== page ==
17.44 Reversions

17.44.1

In General

A "reversion" is a future estate created by operation of law and which is to take effect in possession in favor of a lessor, transferor, grantor, or his heirs, distributees, devisees, or legatees, after a precedent particular estate which has been granted, demised, or devised, has terminated.

A reversion amounts to a vested estate, since the individual entitled to it has a fixed right to future enjoyment. A remainder may arise either from the failure to dispose of an ultimate interest or by reason of the failure of an attempted, but invalid, disposal of an ultimate interest.

The term "reversion" may be properly used to designate the estate left in the grantor, transferor, or his heirs during the continuance of a particular estate and also to refer to the residue left to the grantor, transferor, or his heirs after the determination of the particular estate. A lessor's estate, during the time that the outstanding leasehold estate exists and also the estate of the grantor of a life estate, do also constitute estates in reversion.

A reversion is distinguished from a remainder in that a reversion arises by operation of law while remainder is created by act of the parties. (See Remainders Sec. 17.28)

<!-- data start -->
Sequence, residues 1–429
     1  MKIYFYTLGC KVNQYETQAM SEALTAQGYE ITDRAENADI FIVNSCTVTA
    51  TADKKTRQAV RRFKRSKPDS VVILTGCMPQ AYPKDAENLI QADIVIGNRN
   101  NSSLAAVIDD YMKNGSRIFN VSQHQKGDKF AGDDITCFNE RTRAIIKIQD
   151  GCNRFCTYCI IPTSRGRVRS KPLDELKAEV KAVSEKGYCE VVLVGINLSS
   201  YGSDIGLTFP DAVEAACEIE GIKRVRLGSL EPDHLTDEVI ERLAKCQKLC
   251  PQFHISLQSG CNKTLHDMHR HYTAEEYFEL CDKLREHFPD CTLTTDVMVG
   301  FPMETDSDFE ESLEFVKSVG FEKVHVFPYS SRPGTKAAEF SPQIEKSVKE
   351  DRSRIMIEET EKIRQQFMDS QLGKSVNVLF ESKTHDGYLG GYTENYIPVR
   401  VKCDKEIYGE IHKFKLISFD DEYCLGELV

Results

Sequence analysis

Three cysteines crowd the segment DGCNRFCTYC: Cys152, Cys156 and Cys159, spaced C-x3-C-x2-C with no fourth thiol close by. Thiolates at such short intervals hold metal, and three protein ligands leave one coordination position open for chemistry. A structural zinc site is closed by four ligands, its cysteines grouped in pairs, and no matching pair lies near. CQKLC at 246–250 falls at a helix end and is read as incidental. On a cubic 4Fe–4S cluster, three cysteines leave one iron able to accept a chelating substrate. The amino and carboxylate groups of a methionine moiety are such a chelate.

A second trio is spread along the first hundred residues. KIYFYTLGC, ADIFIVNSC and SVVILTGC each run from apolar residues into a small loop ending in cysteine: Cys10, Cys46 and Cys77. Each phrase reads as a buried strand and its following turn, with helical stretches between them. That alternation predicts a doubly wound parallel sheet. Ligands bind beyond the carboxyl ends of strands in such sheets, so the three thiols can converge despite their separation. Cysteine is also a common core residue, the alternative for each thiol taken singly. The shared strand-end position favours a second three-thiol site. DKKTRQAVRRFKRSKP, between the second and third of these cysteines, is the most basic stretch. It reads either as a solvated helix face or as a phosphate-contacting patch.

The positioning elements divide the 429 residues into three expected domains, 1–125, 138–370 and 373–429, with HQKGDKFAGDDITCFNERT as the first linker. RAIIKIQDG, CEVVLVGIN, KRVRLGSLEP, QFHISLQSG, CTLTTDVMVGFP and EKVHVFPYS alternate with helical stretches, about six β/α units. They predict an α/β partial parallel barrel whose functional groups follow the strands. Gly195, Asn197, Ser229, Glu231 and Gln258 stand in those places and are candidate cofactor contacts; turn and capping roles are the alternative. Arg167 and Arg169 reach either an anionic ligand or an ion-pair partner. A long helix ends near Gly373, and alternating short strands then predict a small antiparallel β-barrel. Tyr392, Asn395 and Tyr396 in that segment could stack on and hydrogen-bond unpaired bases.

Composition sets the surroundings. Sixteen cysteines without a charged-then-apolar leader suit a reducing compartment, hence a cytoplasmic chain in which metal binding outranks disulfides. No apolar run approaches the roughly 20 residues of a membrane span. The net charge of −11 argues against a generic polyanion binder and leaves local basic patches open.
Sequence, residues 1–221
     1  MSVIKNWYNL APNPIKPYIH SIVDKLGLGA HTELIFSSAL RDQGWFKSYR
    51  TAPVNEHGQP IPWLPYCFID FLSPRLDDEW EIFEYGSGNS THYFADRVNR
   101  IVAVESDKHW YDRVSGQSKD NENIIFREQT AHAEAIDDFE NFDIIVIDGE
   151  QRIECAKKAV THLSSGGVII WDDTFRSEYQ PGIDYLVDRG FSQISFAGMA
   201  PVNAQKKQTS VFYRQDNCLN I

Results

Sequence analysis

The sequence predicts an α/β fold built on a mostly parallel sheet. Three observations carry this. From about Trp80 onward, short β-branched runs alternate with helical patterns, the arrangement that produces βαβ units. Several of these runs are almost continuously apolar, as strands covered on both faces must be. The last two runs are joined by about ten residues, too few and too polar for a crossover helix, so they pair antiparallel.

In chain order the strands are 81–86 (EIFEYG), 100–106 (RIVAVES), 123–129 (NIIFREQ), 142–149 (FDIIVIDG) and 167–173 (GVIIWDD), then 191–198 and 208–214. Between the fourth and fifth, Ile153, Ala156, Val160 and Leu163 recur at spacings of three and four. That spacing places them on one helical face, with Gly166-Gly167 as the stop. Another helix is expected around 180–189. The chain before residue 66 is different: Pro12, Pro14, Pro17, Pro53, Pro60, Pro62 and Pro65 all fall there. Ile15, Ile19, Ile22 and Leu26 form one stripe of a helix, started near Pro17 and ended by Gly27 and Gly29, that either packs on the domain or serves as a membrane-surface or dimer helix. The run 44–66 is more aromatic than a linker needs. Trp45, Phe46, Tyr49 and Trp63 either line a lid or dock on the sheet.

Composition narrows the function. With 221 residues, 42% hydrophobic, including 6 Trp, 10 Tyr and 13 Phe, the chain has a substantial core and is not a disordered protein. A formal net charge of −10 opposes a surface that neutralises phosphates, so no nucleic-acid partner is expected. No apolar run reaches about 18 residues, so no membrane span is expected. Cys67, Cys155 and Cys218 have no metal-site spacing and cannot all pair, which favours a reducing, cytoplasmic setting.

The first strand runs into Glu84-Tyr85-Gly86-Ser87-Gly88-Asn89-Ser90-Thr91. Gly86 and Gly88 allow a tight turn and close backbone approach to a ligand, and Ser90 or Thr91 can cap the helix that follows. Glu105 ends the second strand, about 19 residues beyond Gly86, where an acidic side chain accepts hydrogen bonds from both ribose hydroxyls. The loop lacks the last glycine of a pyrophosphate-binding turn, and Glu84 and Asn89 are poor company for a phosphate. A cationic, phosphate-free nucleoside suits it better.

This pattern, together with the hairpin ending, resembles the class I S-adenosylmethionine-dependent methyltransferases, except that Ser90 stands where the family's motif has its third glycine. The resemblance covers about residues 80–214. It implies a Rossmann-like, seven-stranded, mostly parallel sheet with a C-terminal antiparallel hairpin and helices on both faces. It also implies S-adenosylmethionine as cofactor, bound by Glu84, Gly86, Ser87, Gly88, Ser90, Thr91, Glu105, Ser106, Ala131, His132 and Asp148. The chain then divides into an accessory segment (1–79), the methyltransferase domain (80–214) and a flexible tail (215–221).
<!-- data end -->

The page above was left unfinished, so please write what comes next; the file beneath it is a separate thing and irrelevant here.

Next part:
Reversions are freely alienable. They are also capable of descending upon intestate succession, or passing under a will.

An individual or entity entitled to an estate in reversion is known as a "reversioner".

17.44.2

Possibility Of Reverter

17.44.3

Right Of Re-Entry For Condition Broken

This right, also known as a "power of termination," originates when a grantor or transferor completely parts with a specified real estate interest, but with the provision that upon the breach of a condition subsequent, the grantor or transferor may retake the interest so transferred.

The "right of re-entry for condition broken" is of less value to any grantor or transferor than a "possibility of reverter." It is generally not alienable.

The judicial dislike of forfeitures and the ambiguous provisions in deeds or wills give the courts ample opportunities to interpret language, and thus, avoid a declaration of a forfeiture of an estate by finding:

  • That the language in question is neither a condition nor a limitation, but is, rather, a covenant, or
  • That if it is a condition, any breach of it, under the circumstances, has been waived.